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October 20, 2003

Rappin’ Opinion [10:29 pm]

Saw this referenced at How Appealing, but the link had aged (State of Michigan, Macomb County Circuit Court Case No. 2001-3606-NO — DeAngelo Bailey vs. Marshall Bruce Mathers, III a/k/a Eminem Slim Shady). Here’s where you can find the opinion: Judge Raps Eminem Accuser. To get to Judge Deborah Servitto’s rap, see page 13, footnote #11

To convey the Court’s opinion to fans of rap, the Court’s research staff has helped the Court put the decision into a univerally understandable format:

Mr. Bailey complains that his rep is trash

So he’s seeking compensation in some form of cash

Bailey thinks he’s entitled to some monetary gain

Because Eminem used his name in vain

Eminem says Bailey used to throw him around

Beat him up in the john, shoved his face in the ground

Eminem contend that his rap is protected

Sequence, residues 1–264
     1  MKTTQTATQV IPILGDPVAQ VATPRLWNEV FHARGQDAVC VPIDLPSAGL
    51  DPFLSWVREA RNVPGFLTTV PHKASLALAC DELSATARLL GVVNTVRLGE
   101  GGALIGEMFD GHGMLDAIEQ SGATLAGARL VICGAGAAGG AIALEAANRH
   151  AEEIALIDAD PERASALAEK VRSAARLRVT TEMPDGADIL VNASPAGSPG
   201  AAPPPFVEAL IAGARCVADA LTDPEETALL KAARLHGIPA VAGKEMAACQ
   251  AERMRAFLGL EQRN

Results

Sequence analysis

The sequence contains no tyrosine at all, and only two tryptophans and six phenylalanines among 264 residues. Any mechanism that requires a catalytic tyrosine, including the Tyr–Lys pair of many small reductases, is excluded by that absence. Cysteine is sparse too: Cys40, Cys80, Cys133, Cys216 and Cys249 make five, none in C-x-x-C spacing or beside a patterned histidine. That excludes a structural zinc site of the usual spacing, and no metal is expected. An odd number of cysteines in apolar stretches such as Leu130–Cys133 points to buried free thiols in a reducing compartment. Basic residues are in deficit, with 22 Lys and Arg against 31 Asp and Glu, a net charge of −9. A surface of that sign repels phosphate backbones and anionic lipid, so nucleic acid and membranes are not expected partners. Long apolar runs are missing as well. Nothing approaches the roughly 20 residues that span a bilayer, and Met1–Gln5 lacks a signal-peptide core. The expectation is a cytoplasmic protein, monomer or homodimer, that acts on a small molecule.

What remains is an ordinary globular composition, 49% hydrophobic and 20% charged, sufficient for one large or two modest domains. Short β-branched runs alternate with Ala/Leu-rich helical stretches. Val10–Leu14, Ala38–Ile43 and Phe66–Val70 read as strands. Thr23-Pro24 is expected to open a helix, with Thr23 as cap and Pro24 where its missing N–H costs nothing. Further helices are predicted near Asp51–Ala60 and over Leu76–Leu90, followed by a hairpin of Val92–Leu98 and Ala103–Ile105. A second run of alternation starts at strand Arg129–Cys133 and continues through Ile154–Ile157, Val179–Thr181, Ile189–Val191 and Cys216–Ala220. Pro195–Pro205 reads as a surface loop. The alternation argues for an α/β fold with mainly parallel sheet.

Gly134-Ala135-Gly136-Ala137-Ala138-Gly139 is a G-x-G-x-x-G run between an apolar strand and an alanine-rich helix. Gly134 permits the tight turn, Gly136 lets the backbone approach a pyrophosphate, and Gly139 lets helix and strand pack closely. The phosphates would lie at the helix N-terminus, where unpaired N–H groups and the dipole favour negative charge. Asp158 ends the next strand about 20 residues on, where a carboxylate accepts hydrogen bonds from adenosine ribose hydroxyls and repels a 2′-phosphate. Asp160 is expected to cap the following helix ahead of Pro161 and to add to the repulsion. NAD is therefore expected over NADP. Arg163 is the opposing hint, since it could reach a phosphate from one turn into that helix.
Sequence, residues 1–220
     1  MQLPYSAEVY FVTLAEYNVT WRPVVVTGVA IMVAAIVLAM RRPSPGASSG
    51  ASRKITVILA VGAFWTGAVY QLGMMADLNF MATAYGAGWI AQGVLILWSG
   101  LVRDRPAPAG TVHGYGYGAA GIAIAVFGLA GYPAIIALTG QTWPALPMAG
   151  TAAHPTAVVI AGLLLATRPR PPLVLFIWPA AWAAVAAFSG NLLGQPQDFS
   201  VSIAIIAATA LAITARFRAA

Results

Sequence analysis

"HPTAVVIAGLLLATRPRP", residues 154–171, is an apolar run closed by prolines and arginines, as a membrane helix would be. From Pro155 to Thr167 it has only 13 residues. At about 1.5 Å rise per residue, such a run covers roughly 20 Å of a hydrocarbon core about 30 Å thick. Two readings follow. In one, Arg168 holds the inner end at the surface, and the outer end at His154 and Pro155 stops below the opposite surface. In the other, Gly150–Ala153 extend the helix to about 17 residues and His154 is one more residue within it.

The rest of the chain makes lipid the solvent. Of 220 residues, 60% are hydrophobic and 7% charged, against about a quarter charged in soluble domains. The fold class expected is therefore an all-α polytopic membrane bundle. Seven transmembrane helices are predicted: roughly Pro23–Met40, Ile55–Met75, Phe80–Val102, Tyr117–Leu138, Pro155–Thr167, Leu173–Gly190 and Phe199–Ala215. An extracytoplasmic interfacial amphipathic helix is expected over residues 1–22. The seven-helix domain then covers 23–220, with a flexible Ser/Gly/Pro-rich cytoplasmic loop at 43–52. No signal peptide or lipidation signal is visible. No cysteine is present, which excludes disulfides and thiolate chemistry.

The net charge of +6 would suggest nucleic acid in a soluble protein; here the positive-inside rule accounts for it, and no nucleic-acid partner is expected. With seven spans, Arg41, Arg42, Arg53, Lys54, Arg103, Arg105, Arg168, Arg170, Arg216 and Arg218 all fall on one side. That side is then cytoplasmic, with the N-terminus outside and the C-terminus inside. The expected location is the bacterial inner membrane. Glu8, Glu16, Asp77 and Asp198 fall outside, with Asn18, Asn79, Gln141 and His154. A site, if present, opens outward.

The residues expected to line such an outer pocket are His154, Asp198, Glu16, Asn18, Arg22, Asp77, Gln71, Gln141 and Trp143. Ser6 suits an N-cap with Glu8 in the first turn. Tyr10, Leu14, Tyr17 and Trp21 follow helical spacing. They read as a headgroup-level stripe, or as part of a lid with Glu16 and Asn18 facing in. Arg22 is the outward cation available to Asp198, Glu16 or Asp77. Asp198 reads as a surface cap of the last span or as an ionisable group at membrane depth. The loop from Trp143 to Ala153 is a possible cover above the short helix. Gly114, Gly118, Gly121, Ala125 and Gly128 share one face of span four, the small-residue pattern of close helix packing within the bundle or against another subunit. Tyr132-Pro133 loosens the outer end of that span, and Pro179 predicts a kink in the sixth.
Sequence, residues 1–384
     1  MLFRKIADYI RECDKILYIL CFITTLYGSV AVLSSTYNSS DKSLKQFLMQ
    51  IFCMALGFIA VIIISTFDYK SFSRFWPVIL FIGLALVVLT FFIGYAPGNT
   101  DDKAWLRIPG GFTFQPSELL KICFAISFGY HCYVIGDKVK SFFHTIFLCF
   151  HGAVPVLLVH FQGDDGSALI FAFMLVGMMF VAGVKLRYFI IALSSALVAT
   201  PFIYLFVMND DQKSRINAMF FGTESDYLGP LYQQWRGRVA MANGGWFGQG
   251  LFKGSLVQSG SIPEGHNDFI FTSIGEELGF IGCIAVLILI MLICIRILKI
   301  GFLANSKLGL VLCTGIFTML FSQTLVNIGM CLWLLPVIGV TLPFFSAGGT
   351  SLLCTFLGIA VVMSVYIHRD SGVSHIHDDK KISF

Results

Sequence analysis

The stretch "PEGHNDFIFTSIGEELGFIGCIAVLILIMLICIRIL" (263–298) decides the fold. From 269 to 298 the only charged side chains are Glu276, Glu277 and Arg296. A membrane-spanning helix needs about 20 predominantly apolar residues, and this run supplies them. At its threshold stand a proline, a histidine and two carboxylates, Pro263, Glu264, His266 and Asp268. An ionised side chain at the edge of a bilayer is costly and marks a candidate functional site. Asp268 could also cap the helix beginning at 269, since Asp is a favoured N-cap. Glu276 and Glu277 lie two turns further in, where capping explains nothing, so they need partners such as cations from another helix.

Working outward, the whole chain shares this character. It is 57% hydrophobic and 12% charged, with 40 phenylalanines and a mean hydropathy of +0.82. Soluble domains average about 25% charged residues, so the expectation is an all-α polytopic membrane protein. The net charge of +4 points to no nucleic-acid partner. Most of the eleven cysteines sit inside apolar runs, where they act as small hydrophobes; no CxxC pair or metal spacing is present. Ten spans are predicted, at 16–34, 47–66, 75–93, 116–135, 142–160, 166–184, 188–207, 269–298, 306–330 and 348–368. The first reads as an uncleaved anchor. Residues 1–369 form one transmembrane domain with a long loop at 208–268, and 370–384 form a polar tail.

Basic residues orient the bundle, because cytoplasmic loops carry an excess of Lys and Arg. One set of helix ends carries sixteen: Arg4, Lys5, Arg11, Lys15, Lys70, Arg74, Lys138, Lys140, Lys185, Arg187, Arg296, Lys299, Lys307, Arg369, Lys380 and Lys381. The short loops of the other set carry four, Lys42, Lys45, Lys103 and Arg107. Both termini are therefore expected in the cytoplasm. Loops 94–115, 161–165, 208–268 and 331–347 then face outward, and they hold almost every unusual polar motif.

By the rights guaranteed by the first amendment

Eminem maintains that the story is true

And that Biley beat him black and blue

In the alternative he states that the story is phony

And a reasonable person would think it’s baloney

The Court must always balance the rights

Of a defendant and one placed in a false light

If the plantiff presents no question of fact

To dismiss is the only acceptable act

If the language used is anything but pleasin’

It must be highly objectionable to a person of reason

Even if objectionable and causing offense

Self-help is the first line of defense

Yet when Bailey actually spoke to the press

What do you think he didn’t address?

Those false light charges that so disturbed

Prompted from Bailey not a single word.